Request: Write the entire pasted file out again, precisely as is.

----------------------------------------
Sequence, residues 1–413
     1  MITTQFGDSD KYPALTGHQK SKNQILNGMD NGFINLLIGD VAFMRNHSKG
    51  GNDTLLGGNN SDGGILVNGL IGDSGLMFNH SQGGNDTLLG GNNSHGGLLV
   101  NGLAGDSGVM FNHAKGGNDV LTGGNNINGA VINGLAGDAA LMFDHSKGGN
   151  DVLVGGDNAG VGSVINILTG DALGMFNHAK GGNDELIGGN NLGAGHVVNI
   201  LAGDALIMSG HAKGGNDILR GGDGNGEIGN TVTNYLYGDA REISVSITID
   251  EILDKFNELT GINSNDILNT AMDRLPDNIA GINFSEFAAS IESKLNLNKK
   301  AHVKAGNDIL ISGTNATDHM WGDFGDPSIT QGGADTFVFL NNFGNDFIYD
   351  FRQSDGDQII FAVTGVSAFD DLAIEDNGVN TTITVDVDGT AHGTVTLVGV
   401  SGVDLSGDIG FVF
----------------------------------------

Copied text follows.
Sequence, residues 1–413
     1  MITTQFGDSD KYPALTGHQK SKNQILNGMD NGFINLLIGD VAFMRNHSKG
    51  GNDTLLGGNN SDGGILVNGL IGDSGLMFNH SQGGNDTLLG GNNSHGGLLV
   101  NGLAGDSGVM FNHAKGGNDV LTGGNNINGA VINGLAGDAA LMFDHSKGGN
   151  DVLVGGDNAG VGSVINILTG DALGMFNHAK GGNDELIGGN NLGAGHVVNI
   201  LAGDALIMSG HAKGGNDILR GGDGNGEIGN TVTNYLYGDA REISVSITID
   251  EILDKFNELT GINSNDILNT AMDRLPDNIA GINFSEFAAS IESKLNLNKK
   301  AHVKAGNDIL ISGTNATDHM WGDFGDPSIT QGGADTFVFL NNFGNDFIYD
   351  FRQSDGDQII FAVTGVSAFD DLAIEDNGVN TTITVDVDGT AHGTVTLVGV
   401  SGVDLSGDIG FVF